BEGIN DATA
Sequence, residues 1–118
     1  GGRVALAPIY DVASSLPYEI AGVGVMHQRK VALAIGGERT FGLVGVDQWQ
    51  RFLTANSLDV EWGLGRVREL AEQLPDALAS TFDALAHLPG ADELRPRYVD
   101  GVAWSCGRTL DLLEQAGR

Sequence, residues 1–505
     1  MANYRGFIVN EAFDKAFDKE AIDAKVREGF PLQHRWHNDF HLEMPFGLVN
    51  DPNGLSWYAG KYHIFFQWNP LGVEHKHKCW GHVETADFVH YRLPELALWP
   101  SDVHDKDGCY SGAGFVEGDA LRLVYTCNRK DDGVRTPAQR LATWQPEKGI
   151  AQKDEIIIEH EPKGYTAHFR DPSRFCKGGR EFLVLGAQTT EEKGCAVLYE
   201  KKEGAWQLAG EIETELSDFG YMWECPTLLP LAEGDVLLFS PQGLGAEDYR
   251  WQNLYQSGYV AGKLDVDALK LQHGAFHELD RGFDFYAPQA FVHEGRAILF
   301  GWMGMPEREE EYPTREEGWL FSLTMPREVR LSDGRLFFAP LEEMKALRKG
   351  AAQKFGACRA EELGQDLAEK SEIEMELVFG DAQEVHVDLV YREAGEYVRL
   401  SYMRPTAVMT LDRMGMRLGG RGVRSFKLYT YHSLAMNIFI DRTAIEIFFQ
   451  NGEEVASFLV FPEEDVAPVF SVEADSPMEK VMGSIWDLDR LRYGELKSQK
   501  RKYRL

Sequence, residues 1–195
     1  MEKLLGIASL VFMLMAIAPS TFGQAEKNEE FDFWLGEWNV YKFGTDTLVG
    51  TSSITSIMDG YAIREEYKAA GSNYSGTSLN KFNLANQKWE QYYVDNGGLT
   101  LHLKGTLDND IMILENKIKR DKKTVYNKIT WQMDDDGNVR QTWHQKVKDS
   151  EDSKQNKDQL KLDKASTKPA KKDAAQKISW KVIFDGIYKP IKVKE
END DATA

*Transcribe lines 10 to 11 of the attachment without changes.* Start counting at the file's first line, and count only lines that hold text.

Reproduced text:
   201  KKEGAWQLAG EIETELSDFG YMWECPTLLP LAEGDVLLFS PQGLGAEDYR
   251  WQNLYQSGYV AGKLDVDALK LQHGAFHELD RGFDFYAPQA FVHEGRAILF